2013 Chinese GP: Lewis Hamilton on pole ahead of Kimi Raikkonen & Fernando Alonso
World Champion Vettel to start just ninth as Webber runs out of fuel
By Pete Gill. Last Updated: 13/04/13 11:43am
Lewis Hamilton has claimed pole position for the Chinese GP after costly mistakes by Nico Rosberg and Sebastian Vettel - and a high-profile blunder by Red Bull which saw the luckless Mark Webber sent to the back of the grid.
Hamilton's third pole in Shanghai - and third successive defeat of new Mercedes team-mate Rosberg - will see him start Sunday's race alongside Kimi Raikkonen on the front row just ahead of Ferrari's Fernando Alonso.
Driver Reaction – China Qualifying
"I'm ecstatic," triumphed an elated Hamilton who is on the verge of emerging as a serious contender for this year's title. "The lap was great and the team have performed well all weekend."
Both Mercedes cars appeared to possess the pace to claim pole but - as in both Australia and Malaysia when Rosberg was ultimately trumped when it mattered most by Hamilton after leading the way into Q3 - the German was made to pay for a leery final corner while the 2008 World Champion laid down a lap of 1:34.484 to finish almost three-tenths clear of Raikkonen's bewilderingly-inconsistent Lotus.
Not that the E21 had a monopoly on providing bewilderment this Saturday, however. With the Pirelli soft tyres both far faster and more fragile than the medium compound, the upshot was vast swathes of inactivity over the course of an hour-long session which hosted perhaps as little as 20 minutes of competitive running.
At its culmination, the first timed lap during Q3 was only set once the chequered flag had fallen while neither the McLaren of Jenson Button, the Sauber of Nico Hulkenberg nor the Red Bull of World Champion Sebastian Vettel sought to set a realistic lap time as they trundled around the Shanghai circuit on the medium tyres in order to play a strategic curve ball.
Vettel will have the luxury of being able to choose to start the race on either of the two Pirellis compounds after he failed to complete a time at all after slipping off the circuit to finish behind Button, but the decision not to compete for pole was first and foremost born of a speed disadvantage compared to the hitherto-dominant Ferraris and Mercedes'. To date, every session this weekend has been topped by either a W04 or a F138.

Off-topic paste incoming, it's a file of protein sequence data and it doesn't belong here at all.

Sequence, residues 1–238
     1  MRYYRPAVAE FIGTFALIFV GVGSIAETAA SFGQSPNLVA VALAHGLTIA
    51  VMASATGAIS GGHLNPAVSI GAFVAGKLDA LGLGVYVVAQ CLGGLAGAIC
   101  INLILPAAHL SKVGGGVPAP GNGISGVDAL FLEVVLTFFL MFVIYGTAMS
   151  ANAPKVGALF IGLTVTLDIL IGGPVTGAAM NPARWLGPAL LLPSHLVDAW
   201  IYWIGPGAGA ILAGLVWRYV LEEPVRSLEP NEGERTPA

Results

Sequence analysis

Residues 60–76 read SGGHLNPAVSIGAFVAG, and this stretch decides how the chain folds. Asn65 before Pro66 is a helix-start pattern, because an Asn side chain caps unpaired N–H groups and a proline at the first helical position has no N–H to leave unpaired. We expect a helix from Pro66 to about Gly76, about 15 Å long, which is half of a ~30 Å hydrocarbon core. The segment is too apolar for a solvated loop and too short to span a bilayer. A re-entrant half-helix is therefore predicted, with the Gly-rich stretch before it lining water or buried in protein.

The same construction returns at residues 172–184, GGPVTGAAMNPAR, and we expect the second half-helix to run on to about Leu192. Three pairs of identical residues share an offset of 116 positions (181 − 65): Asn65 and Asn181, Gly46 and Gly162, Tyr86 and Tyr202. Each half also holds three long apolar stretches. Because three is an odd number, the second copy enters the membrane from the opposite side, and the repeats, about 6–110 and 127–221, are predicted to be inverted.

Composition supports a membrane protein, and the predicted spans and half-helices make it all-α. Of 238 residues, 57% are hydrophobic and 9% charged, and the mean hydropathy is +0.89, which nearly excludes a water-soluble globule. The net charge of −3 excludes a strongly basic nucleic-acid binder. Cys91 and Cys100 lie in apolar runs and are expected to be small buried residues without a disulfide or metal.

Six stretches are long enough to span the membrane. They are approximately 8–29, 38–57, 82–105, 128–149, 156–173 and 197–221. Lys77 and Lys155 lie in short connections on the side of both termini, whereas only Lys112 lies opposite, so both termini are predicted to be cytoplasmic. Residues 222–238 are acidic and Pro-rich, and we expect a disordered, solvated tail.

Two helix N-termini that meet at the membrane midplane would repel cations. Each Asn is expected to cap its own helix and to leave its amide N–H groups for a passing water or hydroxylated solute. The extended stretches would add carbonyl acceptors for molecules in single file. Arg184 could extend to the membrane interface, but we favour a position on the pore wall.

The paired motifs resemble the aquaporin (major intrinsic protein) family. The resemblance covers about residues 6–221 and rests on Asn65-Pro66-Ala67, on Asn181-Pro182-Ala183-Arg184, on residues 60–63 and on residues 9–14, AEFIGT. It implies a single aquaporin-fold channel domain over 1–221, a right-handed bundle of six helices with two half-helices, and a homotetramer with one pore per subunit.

As if Red Bull didn't have enough problems to contend with, there was acute and high-profile embarrassment for the World Champions when Mark Webber ran out of fuel midway through Q2 and was forced to park his stricken RB9 out on track. The Australian will start Sunday's race from the back of the grid for the rules breach as conspiracy replaced crisis around the embattled Red Bull team. Mistakes happen but some are particularly badly timed.
"It's just disappointing after all the work has gone in," lamented Webber. "This is such an important stage in the weekend. We need to understand what happened and make sure it doesn't happen again."
Lewis Hamilton on pole in Shanghai
Alonso, meanwhile, had the satisfaction of out-qualifying Ferrari team-mate Massa for the first time in six months and confidently predicted the F138's race pace would, as ever, prove its strongest suit.
"The race pace normally is better so I don't see any change here to any other race. I expect tomorrow to have a good position in the race and fighting for the podium and hopefully for the win," the Spaniard told Sky Sports F1.
"I think particularly with Kimi we will have a strong opponent because normally the Lotus is one of the best at taking care of its tyres and we know tomorrow tyres will be one of the key factors."
However, the star of an otherwise frustrating and irritating qualifying session was Daniel Ricciardo as he hustled his Toro Rosso into the top ten for the first time in almost a year.
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An intriguing tactical battle awaits in Sunday's race with Hamilton and Mercedes boasting a slight speed advantage from Alonso and Massa, Raikkonen the potentially critical capacity to run for longer without stopping, and both Red Bulls operating from an altogether different tactical perspective.
"The two closest guys [Raikkonen and Alonso] will be the biggest challenge," predicted Hamilton to Sky Sports F1. "The Ferrari is massively quick on the first lap and so is Kimi. And Kimi is particularly very strong with looking after the option tyres so it's going to be very hard to keep them behind.
"After that when we get on to the primes I think we are in a good position but it's just a matter of how much ground we can maintain or try not to lose in the first stint."
After Saturday's frustration, the relief of Sunday should be fun and fireworks.